# integration of 1/x

• Apr 19th 2014, 12:44 AM
delso
integration of 1/x
can i change the above expression to the below expression? why?

• Apr 19th 2014, 12:58 AM
delso
Re: integration of 1/x
here's my question actually https://www.flickr.com/photos/123101...3/13933620504/

here's the working, second photo is continuous from the first
https://www.flickr.com/photos/123101...3/13910042102/
https://www.flickr.com/photos/123101...3/13933180755/

if i cant do it in such way, can you please show me how do u get the ans please? thanks in advance!
• Apr 19th 2014, 07:50 AM
delso
Re: integration of 1/x
anybody can help plaese?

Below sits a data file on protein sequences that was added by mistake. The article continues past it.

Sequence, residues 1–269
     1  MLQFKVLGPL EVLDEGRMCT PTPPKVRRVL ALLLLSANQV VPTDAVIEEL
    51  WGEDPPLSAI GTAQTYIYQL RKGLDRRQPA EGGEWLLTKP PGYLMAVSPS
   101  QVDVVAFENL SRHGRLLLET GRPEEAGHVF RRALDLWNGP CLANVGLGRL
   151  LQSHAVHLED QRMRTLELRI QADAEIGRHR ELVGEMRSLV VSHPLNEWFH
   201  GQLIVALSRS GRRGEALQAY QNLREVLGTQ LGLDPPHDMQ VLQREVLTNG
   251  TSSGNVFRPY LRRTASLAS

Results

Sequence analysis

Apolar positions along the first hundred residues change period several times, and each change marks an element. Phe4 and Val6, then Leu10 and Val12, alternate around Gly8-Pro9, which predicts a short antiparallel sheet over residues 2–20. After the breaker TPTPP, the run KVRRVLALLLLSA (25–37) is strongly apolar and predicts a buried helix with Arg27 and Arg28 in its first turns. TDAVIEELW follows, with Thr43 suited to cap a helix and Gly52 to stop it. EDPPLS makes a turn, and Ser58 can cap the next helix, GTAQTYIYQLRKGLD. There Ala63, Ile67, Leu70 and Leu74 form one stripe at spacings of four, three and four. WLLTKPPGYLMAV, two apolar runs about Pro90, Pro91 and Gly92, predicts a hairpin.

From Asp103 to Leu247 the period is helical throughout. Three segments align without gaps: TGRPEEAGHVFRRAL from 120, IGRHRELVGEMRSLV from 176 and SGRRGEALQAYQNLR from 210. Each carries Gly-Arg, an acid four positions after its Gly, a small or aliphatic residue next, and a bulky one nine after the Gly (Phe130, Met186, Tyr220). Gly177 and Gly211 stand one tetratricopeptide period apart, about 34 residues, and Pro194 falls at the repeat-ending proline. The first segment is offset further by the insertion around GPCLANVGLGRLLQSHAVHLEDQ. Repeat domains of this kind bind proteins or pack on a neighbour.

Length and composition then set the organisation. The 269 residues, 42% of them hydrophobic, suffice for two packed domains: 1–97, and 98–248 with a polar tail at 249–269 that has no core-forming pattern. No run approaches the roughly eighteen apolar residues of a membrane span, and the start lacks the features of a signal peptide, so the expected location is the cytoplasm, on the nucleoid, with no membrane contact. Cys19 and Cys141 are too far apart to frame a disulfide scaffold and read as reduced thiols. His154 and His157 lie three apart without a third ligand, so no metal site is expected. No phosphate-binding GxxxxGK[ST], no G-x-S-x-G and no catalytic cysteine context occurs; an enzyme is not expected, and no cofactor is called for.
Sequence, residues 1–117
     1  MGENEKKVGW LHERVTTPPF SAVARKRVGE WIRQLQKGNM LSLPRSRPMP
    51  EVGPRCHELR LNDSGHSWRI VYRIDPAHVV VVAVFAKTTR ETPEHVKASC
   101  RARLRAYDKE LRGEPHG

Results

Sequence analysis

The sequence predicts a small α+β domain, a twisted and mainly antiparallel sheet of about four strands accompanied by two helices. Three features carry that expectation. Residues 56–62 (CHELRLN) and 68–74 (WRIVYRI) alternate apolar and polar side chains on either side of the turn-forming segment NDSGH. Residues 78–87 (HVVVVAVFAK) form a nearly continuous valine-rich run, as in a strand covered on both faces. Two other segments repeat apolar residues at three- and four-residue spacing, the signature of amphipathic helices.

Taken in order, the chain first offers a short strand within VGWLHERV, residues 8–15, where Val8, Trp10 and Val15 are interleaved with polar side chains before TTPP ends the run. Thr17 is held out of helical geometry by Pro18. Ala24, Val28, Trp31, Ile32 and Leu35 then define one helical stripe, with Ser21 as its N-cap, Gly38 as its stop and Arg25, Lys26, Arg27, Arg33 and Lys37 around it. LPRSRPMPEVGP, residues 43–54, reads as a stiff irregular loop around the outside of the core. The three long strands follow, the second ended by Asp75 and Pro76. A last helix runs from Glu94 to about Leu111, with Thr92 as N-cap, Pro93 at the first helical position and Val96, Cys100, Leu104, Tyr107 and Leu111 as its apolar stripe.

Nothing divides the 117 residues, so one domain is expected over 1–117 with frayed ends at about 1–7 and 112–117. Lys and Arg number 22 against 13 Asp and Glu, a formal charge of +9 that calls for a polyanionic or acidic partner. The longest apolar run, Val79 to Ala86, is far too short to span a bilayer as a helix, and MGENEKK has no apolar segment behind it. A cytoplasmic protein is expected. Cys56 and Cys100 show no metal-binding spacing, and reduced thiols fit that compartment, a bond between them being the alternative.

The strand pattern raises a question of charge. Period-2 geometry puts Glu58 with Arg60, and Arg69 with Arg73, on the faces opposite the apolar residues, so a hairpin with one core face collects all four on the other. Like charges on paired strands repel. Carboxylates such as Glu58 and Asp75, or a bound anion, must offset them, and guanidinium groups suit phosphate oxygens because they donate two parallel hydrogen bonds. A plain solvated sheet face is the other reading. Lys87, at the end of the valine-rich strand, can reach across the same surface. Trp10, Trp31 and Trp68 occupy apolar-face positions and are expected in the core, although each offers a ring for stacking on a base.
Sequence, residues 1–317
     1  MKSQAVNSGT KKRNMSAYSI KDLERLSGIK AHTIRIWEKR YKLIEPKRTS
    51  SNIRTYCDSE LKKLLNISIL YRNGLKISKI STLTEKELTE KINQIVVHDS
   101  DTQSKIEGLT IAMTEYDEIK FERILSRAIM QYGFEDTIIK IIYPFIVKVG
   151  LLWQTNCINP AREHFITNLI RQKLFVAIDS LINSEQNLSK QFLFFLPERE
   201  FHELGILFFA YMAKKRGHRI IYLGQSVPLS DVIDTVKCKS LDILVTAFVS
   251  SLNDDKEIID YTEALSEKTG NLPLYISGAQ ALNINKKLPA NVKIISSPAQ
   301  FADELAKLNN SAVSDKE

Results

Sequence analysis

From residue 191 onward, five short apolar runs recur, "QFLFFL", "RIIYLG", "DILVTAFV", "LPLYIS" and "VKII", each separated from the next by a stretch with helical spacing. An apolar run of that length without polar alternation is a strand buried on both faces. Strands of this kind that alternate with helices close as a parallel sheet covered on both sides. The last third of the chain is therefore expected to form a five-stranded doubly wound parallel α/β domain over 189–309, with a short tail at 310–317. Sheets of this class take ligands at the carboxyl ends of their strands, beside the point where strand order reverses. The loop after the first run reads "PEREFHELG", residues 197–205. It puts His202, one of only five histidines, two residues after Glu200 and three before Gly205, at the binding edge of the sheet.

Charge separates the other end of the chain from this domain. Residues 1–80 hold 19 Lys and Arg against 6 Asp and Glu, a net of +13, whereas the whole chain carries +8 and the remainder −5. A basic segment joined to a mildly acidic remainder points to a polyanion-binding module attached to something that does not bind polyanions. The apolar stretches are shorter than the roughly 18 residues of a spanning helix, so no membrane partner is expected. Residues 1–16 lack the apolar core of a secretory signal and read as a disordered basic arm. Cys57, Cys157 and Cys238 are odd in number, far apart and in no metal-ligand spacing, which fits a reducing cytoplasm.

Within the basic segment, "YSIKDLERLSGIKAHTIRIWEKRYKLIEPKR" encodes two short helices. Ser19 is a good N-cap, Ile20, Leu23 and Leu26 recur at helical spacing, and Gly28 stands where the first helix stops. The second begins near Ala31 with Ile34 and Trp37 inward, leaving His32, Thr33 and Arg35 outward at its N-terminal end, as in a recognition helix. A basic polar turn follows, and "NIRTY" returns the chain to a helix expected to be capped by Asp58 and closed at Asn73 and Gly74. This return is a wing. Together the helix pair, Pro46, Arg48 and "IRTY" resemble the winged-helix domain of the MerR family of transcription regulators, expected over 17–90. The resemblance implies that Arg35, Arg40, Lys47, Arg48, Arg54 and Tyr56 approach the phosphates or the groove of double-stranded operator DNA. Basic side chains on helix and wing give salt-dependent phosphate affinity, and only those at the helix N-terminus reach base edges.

• Apr 19th 2014, 08:52 AM
romsek
Re: integration of 1/x
The first part is pretty straightforward

$y=Vx$

$\dfrac {dy}{dx}=V+x\dfrac {dV}{dx}$

just substitute those into your original equation and simplify.

Then the diff eq in V is separable so separate it and solve.
• Apr 19th 2014, 08:59 AM
JeffM
Re: integration of 1/x
Delso

• Apr 19th 2014, 09:45 AM
Shakarri
Re: integration of 1/x
$\int 1+ \frac{6}{6-x} dx$

Well you are right that integration can be separated when two expressions are added or subtracted, integration has this additive property. The equation would become

$\int 1 dx + \int \frac{6}{6-x} dx$

But you made a little mistake with your fraction, the fraction can be changed to

$\int 1 dx + \int \frac{3}{\frac{1}{2}(6-x)} dx$

Changing the fraction doesn't really help with solving it though, try the change of variable y=6-x
• May 10th 2015, 03:16 PM
TheVirtualMathematician
Re: integration of 1/x